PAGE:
Thursday, March 26, 2020

Cyprian on How Christians Deal with Adversity

Here’s another gem from Cyprian of Carthage (c. 200-258) in “To Demetrian.” The pagans were blaming Christians for a run of plague, drought, and pestilence that had stricken the land. According to the pagans, since Christians had abandoned the old religion, the gods were exacting vengeance. Cyprian, however, seizes on the circumstances to explain how Christians respond differently than pagans to adverse circumstances:

On the other hand, there is no pain from the outbreak of present evils for those who have confidence in future good things. In sum, we are not terrified by adverse events, nor are we crushed by them, nor do we grieve about them, nor do we complain in any natural disaster or physical sickness. Living by the Spirit rather than the flesh, we overcome weaknesses of the body with the strength of the soul. We know and are confident we are being tested and strengthened by means of those very disasters that place you on the rack and harass you (p. 87).



Howie said...

Hello Dr. Riddle,

Trust this noted finds you well, in all things. What surreal times these are; may Cyprian's comments be as true then, as now by His grace.

I wrote elsewhere yesterday, is it possible that the past 25 years we've witnessed a sort of politically correct "pregnancy" (gay agenda, abortion, global warming, feminism, etc.) where moral dissent of any kind is off-side, that has now "birthed" the global COVID-19 baby, and its panic-herd response that seems unequal to its own threat (I don't speak of the elderly or those with existing health conditions)? This may be the bigger long-term issue the Church, and we as believers, will face. Praise God for the truths of Psalm 46.

The quote below is from John Knox (1514-1572) who lived in turbulent and unsettling times. Of course, we ought not interpret providence but observe it, while leaving all in God's hands as we seek to live faithfully by His grace -- and Knox would hold to the same. His quote below is both sobering and optimistic and echoes a call to “return to God” so often seen in Scripture.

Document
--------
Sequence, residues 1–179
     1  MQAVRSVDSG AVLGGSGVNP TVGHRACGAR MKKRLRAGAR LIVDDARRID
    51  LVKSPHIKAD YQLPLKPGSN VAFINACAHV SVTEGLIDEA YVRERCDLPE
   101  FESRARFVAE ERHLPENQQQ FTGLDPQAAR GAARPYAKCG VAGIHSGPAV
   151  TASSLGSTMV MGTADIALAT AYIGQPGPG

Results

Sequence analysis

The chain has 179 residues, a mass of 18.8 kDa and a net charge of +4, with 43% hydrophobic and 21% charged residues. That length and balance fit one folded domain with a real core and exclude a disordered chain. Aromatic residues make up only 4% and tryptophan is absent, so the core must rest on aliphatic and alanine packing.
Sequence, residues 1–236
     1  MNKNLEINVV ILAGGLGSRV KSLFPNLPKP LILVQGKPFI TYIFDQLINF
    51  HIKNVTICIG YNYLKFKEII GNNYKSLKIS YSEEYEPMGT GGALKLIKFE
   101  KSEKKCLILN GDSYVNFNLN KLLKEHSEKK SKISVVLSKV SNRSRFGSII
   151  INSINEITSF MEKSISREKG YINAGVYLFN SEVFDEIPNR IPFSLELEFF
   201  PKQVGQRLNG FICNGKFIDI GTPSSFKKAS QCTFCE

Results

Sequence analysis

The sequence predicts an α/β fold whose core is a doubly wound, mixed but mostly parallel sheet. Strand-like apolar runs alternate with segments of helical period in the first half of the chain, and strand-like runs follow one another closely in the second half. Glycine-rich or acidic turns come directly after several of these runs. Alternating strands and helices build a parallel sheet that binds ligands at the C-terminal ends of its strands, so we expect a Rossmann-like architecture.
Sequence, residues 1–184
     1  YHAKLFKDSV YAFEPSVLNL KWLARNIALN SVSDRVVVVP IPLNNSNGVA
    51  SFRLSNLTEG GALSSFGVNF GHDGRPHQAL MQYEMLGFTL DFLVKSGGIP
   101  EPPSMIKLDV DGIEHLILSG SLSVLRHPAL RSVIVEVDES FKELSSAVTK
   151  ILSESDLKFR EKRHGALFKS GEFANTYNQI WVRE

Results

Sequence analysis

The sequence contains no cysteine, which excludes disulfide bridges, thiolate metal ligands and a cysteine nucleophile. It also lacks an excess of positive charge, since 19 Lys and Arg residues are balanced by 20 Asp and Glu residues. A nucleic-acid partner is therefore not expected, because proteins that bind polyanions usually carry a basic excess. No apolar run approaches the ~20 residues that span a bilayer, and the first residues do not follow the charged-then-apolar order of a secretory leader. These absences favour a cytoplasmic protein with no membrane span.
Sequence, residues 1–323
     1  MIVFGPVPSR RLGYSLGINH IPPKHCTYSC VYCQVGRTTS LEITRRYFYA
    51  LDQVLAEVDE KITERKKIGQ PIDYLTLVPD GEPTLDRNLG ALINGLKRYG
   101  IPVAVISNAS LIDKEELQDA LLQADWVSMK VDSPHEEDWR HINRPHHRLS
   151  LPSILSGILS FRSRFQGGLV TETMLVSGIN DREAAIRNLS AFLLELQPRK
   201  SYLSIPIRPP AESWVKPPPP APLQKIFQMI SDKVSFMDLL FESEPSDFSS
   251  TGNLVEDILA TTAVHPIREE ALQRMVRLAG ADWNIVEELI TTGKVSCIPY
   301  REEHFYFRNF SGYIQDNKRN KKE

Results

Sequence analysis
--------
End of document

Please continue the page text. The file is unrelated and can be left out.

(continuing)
"Omnipotent and everlasting God, Father of our Lord Jesus Christ, who by Thy eternal providence disposes kingdoms as best seemeth to Thy wisdom: we acknowledge and confess Thy judgements to be righteous, in that Thou has taken from us, for our ingratitude and for abusing Thy most holy Word...justly may Thou pour forth on us the uttermost of Thy plagues, for that we have not known the days and times of our merciful visitation. We have held Thy Word in contempt and despised Thy mercies. We have transgressed Thy laws, for deceitfully have we wrought every man with our neighbours...But, O Lord, behold now Thy own mercy and goodness... behold our troubles and apparent destruction and stay the sword of Thy vengeance before it devour us. Place above us, O Lord, for they great mercy's sake, such a head, with such rulers and magistrates as fear Thy name and will the glory of Christ Jesus so spread. Take not from us the light of the gospel, and suffer Thou no papal religion to prevail in this realm. Illuminate the heart(s) of (Prime Minster Trudeau and President Trump) with pregnant gifts of Thy Holy Ghost. And inflame the hearts of (their) counsel with Thy true fear and love. Repress the pride of those that would rebel, and remove from all hearts contempt for Thy Word" (The Collected Prayers of John Knox, pg. 3-4, Brian Najapfour, Reformation Heritage Books, 2019).

May the Lord search our (my) hearts, for it is the Church that is revived first before any lasting good happens in the world.

The LORD God omnipotent reigneth.

Blessings in Christ,


Jeffrey T. Riddle said...

Greetings Howie,

Thanks of the comment. I hope you are well and have had you in mind in prayer. Love the statement that we "ought not interpret providence but observe it." Love also the Knox quote. Very timely.

Blessings, JTR